When I came into my position as a Marketing Specialist in early 2006, I had to learn how to be a savvy advocate for the company’s marketing priorities with very little guidance.  The gentleman whom I was selected to replace left the company under less than ideal terms and so I was not able to benefit from the advice of an experienced marketing professional before being thrown into the stew, as it were.  One of the issues I was faced with was the malicious deletion of nearly all computer files relating to the marketing department by my predecessor.

This meant not only did I not have samples of copy, product images, important legal guidelines, corporate graphic reference materials, branding guidelines, etc., but even if I had, they would have done little good because I had no idea where we currently had advertisements running and what our commitments would be for the rest of the year.  The only reference I had to even begin finding out where to send ad copy was an excel spreadsheet containing the names of newspaper reps from two years earlier.  For the rest I was forced to cross my fingers and hope I would start getting phone calls to clue me in to who we were dealing with.  It sounds unimaginable that this kind of thing could happen at a midsized company, but that’s exactly what did happen.

Luckily, with a little hard work and a lot of patience, I was able to eventually get a coherent idea of what we had running and who to go to for updates and changes.  One of the most important lessons I learned from my first experiences in marketing was that there is nothing more important than keeping detailed, accurate, and comprehensive records with regards to media, advertising reps, pricing, contract commitments, and opportunities.  Even now, two years later, I would be unable to represent my company in a useful way without extremely detailed records to assist me and ensure that I ‘know what I’m talking about’ in any given purchasing situation.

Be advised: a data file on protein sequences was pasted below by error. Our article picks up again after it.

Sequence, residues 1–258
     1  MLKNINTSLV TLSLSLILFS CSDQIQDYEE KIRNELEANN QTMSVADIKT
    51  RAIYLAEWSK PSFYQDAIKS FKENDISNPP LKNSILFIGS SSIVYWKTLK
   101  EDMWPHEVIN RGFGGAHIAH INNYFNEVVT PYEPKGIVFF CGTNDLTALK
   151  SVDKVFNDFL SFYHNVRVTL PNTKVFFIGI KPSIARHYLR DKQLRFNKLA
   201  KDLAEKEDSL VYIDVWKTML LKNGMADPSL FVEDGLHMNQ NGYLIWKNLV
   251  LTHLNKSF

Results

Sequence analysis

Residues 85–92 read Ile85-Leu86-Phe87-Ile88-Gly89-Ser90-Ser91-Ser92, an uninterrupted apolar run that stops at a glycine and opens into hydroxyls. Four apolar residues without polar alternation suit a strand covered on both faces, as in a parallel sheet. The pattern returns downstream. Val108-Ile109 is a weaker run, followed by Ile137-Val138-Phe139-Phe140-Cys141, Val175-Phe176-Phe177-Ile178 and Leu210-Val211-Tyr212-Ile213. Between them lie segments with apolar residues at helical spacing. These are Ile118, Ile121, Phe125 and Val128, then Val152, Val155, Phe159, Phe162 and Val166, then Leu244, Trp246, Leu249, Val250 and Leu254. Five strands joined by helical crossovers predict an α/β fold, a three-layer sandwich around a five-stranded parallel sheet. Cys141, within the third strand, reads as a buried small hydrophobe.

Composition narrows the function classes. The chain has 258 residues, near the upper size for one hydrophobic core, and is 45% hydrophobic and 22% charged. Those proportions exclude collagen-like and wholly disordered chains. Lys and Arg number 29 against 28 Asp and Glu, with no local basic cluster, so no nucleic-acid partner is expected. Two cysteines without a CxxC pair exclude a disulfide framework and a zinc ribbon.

My company has a modest advertising budget when compared to giants like Coca Cola or Nike, however with several stores spread across two states and media markets to buy in for all of them, there is more than enough to surpass my ability to recall the details of individual advertising activities without consulting my notes and records.  I have stacks of binders devoted to nothing but advertising schedules, rates, contracts, which rep to use for what, etc.  In addition to that, I have detailed computer records to track spending and monitor invoices for errors in billing.

One thing you will quickly discover if you do media buying professionally is that if you don’t watch what you’re spending, your rep will not either.  Interestingly, errors that happen invariably involve overcharging.  Most of the time this is due to legitimate oversights and billing system errors that should be expected if for no other reason than the volume of items being accounted for.  In other circumstances, it is also not unheard of for a few ‘bad apple’ media reps to attempt to pad an account if their client doesn’t watch their bills closely.  In my experience, I have had to deal with both scenarios.

Keeping good records ensures that such errors will be noticed and correctly quickly, before they become a problem.  It is important to remember that as a media buyer, at the end of the day the buck will stop with you.  It is your responsibility to know what your company or client is spending on advertising and you must be able to be confident in that role.  That confidence can only come from having records to point to as facts, and knowing that you are keeping an active eye out for value both at the initial stages of the buying process and on the follow up.  If you do it right, professional media buying can be a rewarding experience that will help you in other areas of your career and your life.  If you don’t cover all your bases, it can end up costing your job and a good share of your professional credibility.

– Ben C.